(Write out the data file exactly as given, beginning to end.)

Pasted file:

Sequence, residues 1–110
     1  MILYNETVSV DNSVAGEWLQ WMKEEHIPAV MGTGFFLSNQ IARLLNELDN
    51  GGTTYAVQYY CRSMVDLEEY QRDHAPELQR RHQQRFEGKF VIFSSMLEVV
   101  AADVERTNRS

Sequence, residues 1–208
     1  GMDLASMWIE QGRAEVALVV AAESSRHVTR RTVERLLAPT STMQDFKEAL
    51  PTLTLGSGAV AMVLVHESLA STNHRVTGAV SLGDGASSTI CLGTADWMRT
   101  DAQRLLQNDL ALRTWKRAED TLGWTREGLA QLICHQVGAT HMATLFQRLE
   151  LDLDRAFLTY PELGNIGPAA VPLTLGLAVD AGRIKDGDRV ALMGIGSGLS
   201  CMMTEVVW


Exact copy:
Sequence, residues 1–110
     1  MILYNETVSV DNSVAGEWLQ WMKEEHIPAV MGTGFFLSNQ IARLLNELDN
    51  GGTTYAVQYY CRSMVDLEEY QRDHAPELQR RHQQRFEGKF VIFSSMLEVV
   101  AADVERTNRS

Sequence, residues 1–208
     1  GMDLASMWIE QGRAEVALVV AAESSRHVTR RTVERLLAPT STMQDFKEAL
    51  PTLTLGSGAV AMVLVHESLA STNHRVTGAV SLGDGASSTI CLGTADWMRT
   101  DAQRLLQNDL ALRTWKRAED TLGWTREGLA QLICHQVGAT HMATLFQRLE
   151  LDLDRAFLTY PELGNIGPAA VPLTLGLAVD AGRIKDGDRV ALMGIGSGLS
   201  CMMTEVVW